Passing by Loss and Love: Melbourne to Sydney Solo Car Party

This afternoon I arrived in Sydney to begin my new harbor-side life, after a two-day car party. 
Invitees were many, but attendees to this party were just one, just me.  
Luckily, a car trip means I'm doing my favorite thing - moving forward, with a destination but no plan, just eddying along.
The coastal route is very beautiful, and thick with wild Christmas lilies right now. 
I didn't take photos of the prettiness.  
I have too many pretty photos, mostly unshared. They don't need the sharing, we have seen enough pretty.

But these images asked to be shown. We spend most of our lives worrying about disasters that never happen.
But sometimes they do.

The leaves are clinging to the trees, but they are crisp, nothing moves. I hope to see these trees in new green when I next drive though, but don't know how badly they were burnt. 

This devestation just goes on and on. It looks like nothing will ever live there.

But it will.
It already is.
Its only been 3 weeks since the fire, and brave little green shoots up. 
People can be like this, I hear.

Seashore being overlooked by the cematary, near Merimbula

At dusk I arrived at this special little beach, and had a stretch, and a solitary dinner, the remains of the party food.
Then I went visiting.

I've been fond of cemetaries for longer than balcony gardens, but for the same reason - they show people's character and lives, our strivings and sorrows.  
Balcony gardens and Gravestones also show how hard it is to escape our culture - most of us just get what we are given.  Most.

That its possible for so many people to be buried in unvisited graves saying 'unknown' makes me want to do something - couldn't they have befriended each other? How can so many of us be so close, yet so lonely ?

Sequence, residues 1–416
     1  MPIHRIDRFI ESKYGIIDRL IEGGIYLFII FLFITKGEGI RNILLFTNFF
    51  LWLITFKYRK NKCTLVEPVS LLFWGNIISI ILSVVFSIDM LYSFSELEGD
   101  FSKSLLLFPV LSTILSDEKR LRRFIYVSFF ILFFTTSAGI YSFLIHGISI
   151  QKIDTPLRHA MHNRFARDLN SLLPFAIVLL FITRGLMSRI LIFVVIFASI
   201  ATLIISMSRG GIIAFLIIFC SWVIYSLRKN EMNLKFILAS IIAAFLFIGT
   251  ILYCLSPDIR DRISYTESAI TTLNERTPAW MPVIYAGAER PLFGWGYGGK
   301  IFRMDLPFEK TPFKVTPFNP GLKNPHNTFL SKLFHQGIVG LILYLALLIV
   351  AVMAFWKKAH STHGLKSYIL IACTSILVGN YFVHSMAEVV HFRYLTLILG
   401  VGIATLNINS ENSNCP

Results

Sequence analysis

This poor fellow, he left so many people behind, including a little boy.

I'm glad that his mates made something special for him.

Who will make my headstone, I wonder? Who's will I make?
Lots of sadness ahead. But I can fit in lots of love before then, I must remember that.

This little lad never made it to being a grown-up.  Now its just him and his board-stone, listening to the waves.

Here is a bloke who seems to have enjoyed his work and life.

But I do wonder about some families, about the limits of the Aussie sense of humor.

I drove on after the sun went down, then put on my pink frilly P.J.s, got out my Sheridan Sheets, and slept snug in my car in the forest. A 21st Century swaggie.

After  very pretty drive in morning sunshine, I had the best breakfast with the good people of Marua. The cafe had country and western music, run by a nice couple. The wife was very round, with a blue flower in her grey hair. Customers included a real professional Elvis. The waifs had played there last night. They all knew and liked Permaculture. I kind of wanted to stay.

But already, my Sydney life has begun.